You're kidding, right? EFX is a gimmick feature. And they should have enabled all the features on the X-Fi Fatality. It's garbage what they did and I'll never buy another card from Creative. Integrated sound cards sound just as good. They even output over optical spdif. Waste of money to even think about buying one.
 

LocutusEstBorg

Contributor
You're kidding, right? EFX is a gimmick feature. And they should have enabled all the features on the X-Fi Fatality. It's garbage what they did and I'll never buy another card from Creative. Integrated sound cards sound just as good. They even output over optical spdif. Waste of money to even think about buying one.
What the hell are you talking about? EFX is basically open source EAX. Dirt2 uses EFX, which means you can get the full range of effects from an ordinary sound card if you have a software driver that implements EFX. Presently the Rapture3D driver (but any company can implement it directly for their card's through updated drivers, even for onboard audio, but at the cost of CPU cycles).

Obviously you've been so ignorant that you probably never even bothered to enable the EAX checkbox in the game options so you mindlessly bash it as if it doesn't do anything.

The only feature that has been disabled and renabled was the hardware SPDIF decoding. NOTHING else was ever disabled EVER. You're full of it and can't be made to understand. </arguement>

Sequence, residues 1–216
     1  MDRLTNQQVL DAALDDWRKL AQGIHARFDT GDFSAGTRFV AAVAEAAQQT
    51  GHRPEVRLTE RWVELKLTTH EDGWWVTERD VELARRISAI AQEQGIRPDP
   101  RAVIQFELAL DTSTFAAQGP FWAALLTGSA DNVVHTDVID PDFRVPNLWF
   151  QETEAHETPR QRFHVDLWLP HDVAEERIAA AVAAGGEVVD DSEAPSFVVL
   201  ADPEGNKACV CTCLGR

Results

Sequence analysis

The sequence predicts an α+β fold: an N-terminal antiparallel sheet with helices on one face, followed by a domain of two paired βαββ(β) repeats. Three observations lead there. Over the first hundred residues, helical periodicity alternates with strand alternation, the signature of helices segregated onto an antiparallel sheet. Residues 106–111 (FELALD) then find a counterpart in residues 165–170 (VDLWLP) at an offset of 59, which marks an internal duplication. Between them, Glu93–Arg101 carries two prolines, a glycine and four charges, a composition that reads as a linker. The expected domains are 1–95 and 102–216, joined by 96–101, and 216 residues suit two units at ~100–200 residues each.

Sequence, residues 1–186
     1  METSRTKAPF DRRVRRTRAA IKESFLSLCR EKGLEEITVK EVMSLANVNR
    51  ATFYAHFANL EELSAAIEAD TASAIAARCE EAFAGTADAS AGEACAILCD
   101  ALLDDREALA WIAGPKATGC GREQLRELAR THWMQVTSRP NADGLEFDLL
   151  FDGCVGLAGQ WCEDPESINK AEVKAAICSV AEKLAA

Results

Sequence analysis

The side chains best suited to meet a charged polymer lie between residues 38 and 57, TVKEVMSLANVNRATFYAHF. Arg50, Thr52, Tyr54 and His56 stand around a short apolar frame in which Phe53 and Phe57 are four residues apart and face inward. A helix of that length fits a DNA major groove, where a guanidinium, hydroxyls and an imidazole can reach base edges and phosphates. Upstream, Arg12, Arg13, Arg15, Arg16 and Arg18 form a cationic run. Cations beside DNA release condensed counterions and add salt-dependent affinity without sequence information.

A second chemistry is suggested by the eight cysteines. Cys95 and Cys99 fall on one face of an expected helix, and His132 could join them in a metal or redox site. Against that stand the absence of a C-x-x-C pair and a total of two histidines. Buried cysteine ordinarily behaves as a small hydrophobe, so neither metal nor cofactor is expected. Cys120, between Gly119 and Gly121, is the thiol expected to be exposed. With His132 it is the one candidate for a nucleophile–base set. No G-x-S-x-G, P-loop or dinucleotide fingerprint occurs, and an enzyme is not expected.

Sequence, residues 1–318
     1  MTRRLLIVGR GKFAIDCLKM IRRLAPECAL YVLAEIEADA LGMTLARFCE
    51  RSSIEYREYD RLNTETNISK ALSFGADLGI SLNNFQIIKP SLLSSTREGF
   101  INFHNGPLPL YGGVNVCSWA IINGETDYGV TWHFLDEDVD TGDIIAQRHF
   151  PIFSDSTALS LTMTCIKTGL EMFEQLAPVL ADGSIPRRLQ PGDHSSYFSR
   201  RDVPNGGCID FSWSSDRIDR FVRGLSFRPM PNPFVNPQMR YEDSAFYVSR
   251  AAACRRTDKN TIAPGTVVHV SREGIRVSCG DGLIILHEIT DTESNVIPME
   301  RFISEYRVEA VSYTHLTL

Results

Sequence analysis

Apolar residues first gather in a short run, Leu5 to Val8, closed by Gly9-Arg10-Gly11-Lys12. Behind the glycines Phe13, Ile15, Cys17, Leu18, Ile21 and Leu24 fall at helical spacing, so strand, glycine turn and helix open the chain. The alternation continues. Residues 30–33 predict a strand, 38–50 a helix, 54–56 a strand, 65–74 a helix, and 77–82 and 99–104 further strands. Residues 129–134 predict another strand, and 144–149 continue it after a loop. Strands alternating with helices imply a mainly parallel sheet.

Transonic

New Member
What the hell are you talking about? EFX is basically open source EAX. Dirt2 uses EFX, which means you can get the full range of effects from an ordinary sound card if you have a software driver that implements EFX. Presently the Rapture3D driver (but any company can implement it directly for their card's through updated drivers, even for onboard audio, but at the cost of CPU cycles).

Obviously you've been so ignorant that you probably never even bothered to enable the EAX checkbox in the game options so you mindlessly bash it as if it doesn't do anything.

The only feature that has been disabled and renabled was the hardware SPDIF decoding. NOTHING else was ever disabled EVER. You're full of it and can't be made to understand. </arguement>
Calm your nerd rage down a bit. EAX and EFX do nothing. Even when I had an X-FI Fatality there was no difference in sound between it and normal 5.1 Surround. And I think it's YOU that do not understand because the whole argument was that they were not disabling features but with holding them from the official drivers. Custom drivers unlocked all the features and they sent c&d emails and letters out to the guy who was making them essentially killing Vista support for some of their older cards and permanently etching themselves in to the minds of gamers as a rip-off brand. And don't try to call me ignorant about technology, because that's a losing argument. As you can see by my specs I'm no amateur.